Although there were a number of other pressing issues facing the country, President Rodrigo Duterte was most famously elected to “eradicate” drugs, crime and corruption in six months. During his time as the mayor of Davao City for twenty-two years, although challenged by some, he is credited for turning the city from the Philippines’ most deadly into one of its safest.  In the city of 1.5 million, Duterte conducted an operation to execute suspected criminals in the street. As a candidate for the Philippines’ 2016 presidential elections, Duterte vowed to kill 100,000 criminals while in office in order to control the country’s crime problems.

At his election victory event in Davao City, he encouraged ordinary citizens to kill by saying “do it yourselves if you have guns, you have my support.” After he took office, he went further and again urged his citizens to kill drug addicts as “getting their parents to do it would be too painful.” He blatantly stated that he did not care about human rights or due process in his country if it could eliminate the drug and crime issues in the Philippines.

Since taking office, Duterte ordered his police force to eliminate criminals. By rewarding police officers who killed drug lords with cash prizes, police killings in the Philippines rose 400% nationwide.  In fact, Duterte promised to protect the police from prosecution if they killed suspected drug dealers. This began his six-month campaign to fight against the drug problems in the Philippines.

When Duterte was first elected to office, around 1,027 people were killed during police operations based on the national police report data gathered from July 1 to September 5, 2016. With over 15,000 arrests and 686,000 surrendering voluntarily to police, the war against drugs had a huge impact on its citizens from the beginning. At the time, according to records, there were at least 1,500 pending cases under the category of “found dead body, under investigation.” Despite the increased number of police killings in the country, the national survey showed around 91% of Filipinos having a “high degree of trust” with their new government.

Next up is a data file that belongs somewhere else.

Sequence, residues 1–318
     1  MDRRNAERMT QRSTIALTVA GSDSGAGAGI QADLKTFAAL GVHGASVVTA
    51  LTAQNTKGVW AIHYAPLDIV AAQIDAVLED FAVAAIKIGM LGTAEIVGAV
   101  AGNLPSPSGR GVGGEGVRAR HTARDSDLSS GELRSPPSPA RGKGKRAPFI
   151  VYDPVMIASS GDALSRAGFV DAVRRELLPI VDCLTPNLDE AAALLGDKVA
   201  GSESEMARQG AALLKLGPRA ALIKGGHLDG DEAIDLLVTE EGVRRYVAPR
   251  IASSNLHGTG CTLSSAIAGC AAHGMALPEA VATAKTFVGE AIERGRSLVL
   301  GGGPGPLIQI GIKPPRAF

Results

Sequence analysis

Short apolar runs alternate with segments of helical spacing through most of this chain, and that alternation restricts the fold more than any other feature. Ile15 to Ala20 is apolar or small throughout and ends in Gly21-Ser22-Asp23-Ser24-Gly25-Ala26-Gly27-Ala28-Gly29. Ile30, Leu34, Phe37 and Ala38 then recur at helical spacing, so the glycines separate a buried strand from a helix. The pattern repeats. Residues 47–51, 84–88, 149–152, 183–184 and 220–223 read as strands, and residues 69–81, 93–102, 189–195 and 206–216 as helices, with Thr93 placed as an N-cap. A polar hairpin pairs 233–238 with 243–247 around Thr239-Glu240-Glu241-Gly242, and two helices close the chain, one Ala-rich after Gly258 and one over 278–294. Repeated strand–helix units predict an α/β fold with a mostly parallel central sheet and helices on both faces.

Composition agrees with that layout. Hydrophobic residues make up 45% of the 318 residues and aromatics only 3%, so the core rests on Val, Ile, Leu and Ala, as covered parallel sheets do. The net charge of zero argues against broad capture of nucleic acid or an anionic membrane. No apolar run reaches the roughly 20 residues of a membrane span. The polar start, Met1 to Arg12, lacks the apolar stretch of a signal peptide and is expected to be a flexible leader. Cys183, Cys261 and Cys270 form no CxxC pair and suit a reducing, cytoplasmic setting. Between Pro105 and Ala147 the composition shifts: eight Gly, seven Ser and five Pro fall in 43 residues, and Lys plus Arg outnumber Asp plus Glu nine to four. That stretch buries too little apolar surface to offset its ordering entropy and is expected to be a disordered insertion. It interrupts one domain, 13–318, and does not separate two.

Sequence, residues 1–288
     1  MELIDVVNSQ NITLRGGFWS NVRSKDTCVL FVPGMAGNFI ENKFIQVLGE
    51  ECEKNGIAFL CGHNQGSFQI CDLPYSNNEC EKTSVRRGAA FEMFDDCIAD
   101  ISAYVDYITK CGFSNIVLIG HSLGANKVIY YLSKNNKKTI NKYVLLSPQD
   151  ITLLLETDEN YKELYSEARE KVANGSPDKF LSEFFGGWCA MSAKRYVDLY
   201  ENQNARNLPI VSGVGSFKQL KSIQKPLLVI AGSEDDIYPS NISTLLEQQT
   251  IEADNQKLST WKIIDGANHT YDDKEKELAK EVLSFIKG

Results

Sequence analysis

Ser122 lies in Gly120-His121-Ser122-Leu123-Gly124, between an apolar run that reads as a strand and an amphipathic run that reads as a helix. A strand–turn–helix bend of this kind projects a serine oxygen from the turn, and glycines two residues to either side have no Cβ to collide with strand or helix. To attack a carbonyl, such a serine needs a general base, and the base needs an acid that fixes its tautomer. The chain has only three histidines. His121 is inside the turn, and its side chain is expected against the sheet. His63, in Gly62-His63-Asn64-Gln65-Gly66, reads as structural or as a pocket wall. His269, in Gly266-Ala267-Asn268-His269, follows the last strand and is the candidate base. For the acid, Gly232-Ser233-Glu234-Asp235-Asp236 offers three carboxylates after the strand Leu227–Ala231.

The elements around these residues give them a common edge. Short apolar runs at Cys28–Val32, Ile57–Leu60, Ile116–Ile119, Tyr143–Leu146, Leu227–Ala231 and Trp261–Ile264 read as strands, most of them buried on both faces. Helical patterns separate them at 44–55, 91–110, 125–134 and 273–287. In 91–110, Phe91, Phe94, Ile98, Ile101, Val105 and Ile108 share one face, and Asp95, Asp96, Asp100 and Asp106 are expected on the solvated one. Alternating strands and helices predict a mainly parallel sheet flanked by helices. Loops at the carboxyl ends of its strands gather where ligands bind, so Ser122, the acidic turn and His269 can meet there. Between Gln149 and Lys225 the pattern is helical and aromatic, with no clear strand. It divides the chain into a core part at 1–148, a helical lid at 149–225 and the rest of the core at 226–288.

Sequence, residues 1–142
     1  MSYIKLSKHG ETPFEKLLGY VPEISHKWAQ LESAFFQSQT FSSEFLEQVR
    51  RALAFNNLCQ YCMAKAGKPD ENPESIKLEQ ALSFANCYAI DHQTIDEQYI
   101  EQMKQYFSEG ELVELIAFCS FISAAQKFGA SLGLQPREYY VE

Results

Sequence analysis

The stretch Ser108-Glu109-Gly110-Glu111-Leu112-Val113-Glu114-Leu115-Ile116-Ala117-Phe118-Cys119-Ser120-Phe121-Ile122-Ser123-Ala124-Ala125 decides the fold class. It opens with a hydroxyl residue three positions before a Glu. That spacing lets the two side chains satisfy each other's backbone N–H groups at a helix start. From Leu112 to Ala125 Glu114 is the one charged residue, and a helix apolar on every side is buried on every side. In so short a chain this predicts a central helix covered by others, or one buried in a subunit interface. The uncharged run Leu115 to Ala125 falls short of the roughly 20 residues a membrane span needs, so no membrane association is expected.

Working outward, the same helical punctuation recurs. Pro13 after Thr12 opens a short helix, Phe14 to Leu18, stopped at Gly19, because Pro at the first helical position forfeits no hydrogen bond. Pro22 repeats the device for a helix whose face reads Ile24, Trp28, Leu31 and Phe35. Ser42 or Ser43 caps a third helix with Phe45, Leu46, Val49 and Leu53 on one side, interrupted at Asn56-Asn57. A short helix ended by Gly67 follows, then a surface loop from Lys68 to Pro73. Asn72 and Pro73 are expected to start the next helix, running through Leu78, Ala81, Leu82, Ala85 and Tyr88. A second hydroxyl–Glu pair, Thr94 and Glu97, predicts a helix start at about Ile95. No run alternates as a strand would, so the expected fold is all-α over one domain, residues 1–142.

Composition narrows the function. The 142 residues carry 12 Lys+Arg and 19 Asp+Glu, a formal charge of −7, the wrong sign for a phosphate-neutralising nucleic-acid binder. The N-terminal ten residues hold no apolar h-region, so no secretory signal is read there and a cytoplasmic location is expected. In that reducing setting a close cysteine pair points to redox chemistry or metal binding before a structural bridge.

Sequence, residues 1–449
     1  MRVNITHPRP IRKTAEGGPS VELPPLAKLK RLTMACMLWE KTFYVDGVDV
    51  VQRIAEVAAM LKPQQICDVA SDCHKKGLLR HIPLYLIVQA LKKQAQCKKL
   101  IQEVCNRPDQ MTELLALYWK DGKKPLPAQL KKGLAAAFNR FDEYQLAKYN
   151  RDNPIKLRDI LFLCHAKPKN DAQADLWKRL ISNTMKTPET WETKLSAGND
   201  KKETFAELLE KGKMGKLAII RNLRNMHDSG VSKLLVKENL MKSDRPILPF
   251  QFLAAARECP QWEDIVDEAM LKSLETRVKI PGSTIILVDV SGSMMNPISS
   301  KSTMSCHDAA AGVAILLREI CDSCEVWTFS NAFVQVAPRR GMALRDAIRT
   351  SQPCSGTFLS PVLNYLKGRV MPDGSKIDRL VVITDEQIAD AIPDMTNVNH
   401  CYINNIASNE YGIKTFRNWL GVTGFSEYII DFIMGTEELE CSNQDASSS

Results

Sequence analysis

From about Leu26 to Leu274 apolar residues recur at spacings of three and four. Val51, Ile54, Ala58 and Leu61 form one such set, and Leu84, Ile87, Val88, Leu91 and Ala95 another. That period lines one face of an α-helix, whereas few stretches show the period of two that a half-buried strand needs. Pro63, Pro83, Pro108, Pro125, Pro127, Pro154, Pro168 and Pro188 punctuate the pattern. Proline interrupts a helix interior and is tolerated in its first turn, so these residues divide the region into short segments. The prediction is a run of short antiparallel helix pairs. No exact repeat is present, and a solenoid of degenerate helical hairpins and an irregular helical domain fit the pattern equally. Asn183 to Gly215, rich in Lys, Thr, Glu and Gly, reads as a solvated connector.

Towards the end of September 2016, President Duterte’s government demoted a high-profile politician from serving as the head of a committee investigating Duterte’s extrajudicial killings. Senator Leila de Lima, a former Justice Secretary, had led the opposition against the government’s war on drugs. Senator de Lima had claimed that over 3,000 have been killed in the eleven weeks since Duterte was sworn into office. Among the many deaths, Maria Aurora Moynihan, daughter of British baron Anthony Moynihan, was regarded as one of the highest profile victims. She was found shot dead with a sign over her body reading “drug punishers to celebrities, you’re next.” In a recent investigation, hitman Edgar Matobato testified under oath that Duterte ordered him to assassinate criminals while serving as the mayor of Davao City. He further claimed that Duterte himself had killed an agent and that the President’s own son was a drug user.